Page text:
Schneider, who died in 2011, also said she felt manipulated by Bertolucci into performing the scene and that she wasn’t aware that she could have objected.

“No one thought about the idea of assault in the workplace during the 1970s,” Heck said. “No one thought about it even in the 1990s, but we know more nowadays what actresses have had to face.”

For Heck, it’s not the actual content of the film or the festival itself she has a problem with, but rather the importance that moviegoers understand the context behind the filmed assault.

“I think it’s important to know about the assault before watching the film. To show it without context is what I object to,” Heck said. “I love MIFF. I’ve gone every single year, and I think it’s an amazing outlet to celebrate arts and film. My objection is in no way a condemnation of the festival but rather to call attention, to have a discussion about the programming.”

Bruce Olson, Heck’s husband and another opponent of the film’s showing, said the actions of Bertolucci and Brando are the real problem he has with the movie.

“It’s not so much the sexual violence in the movie. It’s when you look at the back story, how Brando and Bertolucci hid how they were going to film the scene,” Olson said. “They wanted her fear to be real; but if that’s the way we want film to be, wouldn’t we want fight scenes to include actual punches? For actors to be shot with actual bullets? If we can’t trust actors with their craft, then the ultimate manifestation of what Bertolucci was going for would be a snuff film where actual people are being harmed on screen.”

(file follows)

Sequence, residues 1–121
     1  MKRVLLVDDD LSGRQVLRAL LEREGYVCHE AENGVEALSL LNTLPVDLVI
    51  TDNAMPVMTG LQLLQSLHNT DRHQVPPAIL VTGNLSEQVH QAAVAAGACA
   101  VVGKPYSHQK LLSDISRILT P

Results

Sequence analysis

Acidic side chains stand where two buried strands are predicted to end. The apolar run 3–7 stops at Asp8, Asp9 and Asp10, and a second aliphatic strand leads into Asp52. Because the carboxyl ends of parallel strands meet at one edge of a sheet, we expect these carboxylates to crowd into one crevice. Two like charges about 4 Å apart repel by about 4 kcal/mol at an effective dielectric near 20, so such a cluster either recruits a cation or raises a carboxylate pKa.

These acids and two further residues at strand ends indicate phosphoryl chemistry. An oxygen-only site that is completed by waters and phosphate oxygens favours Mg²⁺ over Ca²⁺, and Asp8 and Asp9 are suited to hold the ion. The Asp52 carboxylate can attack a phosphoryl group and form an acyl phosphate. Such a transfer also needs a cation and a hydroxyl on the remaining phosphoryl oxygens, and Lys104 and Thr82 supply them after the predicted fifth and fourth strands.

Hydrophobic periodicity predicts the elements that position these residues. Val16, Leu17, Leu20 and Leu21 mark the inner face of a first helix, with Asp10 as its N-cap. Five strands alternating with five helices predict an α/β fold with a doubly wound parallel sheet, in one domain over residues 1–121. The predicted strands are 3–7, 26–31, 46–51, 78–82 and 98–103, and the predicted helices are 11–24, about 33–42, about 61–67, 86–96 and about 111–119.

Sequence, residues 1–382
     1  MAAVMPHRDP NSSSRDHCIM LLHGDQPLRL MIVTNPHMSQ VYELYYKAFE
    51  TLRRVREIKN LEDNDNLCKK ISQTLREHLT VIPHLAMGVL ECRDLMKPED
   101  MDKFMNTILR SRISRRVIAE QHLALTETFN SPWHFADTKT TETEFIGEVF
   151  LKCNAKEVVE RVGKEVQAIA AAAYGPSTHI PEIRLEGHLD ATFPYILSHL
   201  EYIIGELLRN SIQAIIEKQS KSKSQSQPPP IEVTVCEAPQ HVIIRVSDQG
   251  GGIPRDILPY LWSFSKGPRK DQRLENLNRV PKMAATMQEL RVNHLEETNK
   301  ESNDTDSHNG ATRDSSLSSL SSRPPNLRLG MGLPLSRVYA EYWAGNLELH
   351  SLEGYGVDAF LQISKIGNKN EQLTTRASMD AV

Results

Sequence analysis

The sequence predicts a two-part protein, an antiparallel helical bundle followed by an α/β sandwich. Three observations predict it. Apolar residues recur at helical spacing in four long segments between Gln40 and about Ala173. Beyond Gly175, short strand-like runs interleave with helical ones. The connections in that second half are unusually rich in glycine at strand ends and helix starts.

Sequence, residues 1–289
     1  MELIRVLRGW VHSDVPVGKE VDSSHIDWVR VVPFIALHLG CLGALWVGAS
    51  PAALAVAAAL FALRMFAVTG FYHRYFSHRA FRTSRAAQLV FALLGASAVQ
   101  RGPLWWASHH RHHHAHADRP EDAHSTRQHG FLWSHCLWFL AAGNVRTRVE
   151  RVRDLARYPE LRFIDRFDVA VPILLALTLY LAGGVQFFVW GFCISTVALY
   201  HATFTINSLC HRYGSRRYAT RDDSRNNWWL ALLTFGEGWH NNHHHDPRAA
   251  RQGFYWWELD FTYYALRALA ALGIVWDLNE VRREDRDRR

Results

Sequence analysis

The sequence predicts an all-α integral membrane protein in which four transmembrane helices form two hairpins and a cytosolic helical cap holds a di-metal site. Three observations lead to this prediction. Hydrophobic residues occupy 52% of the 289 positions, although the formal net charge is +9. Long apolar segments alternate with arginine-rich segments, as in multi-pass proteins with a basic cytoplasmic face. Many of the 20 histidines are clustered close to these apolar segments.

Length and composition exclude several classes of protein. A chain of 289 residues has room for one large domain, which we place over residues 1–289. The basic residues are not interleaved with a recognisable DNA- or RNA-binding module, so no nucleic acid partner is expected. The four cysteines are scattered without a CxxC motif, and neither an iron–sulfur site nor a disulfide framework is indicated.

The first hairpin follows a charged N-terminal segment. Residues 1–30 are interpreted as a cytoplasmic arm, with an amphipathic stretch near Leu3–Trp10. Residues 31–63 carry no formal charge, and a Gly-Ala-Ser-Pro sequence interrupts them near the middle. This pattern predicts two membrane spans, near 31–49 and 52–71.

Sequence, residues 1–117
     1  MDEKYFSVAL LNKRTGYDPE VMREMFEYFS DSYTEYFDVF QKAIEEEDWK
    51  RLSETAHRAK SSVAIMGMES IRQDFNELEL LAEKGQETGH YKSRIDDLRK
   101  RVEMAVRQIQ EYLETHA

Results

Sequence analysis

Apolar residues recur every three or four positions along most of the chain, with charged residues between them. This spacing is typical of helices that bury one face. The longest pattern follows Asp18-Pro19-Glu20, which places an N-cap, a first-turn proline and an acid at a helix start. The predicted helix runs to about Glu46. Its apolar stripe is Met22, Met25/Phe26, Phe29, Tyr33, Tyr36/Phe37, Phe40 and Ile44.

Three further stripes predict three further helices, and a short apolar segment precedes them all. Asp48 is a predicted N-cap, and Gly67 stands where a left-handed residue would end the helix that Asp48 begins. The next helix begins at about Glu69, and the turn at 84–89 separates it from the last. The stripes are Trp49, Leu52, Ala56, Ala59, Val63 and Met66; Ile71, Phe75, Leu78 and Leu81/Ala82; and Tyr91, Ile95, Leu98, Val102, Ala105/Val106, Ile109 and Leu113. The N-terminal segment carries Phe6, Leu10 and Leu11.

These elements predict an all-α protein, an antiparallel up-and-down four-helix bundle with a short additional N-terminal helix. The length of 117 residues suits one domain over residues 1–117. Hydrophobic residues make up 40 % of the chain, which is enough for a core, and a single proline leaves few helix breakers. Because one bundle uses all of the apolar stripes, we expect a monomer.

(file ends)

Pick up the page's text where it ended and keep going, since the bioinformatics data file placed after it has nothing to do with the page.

Marlon Brando and Maria Schneider appear in a scene in the 1972 film “Last Tango in Paris.” Photo courtesy of Maine International Film Festival

Heck and Olson also feel that with the recent surge of the #MeToo movement, the screening of this film is especially sensitive.

“It’s a direct slap in the face to women who have been assaulted or are currently dealing with assault,” Heck said.

John Soifer, who’s known Eisen for 40 years, said that the decision to show the film sends a certain message to festivalgoers.

“This is not a religious or prudish issue to me. I saw the film when it came out in 1972 and the sex/rape scene is the centrality of the movie,” Soifer said. “Basically, there is and never should have been a time when celebrating rape is acceptable. Sadly, by picking this movie in this day and age, with other movies to pick from, it is celebrating and saying rape is acceptable to display and view under certain circumstances. However, it never ever is or should be accepted or appropriate.”

The screening of the film also acts as a tribute to Bertolucci, who died in November 2018 at the age of 77.

In order to bring more context to potential film goers, Heck plans to hand out information before its 9:30 p.m. screening on Wednesday.

“The information will let people know a little more about the assault that takes place, sexual assault in general,” Heck said. “With that information, it will possibly create another picture of Bertolucci and the film itself.”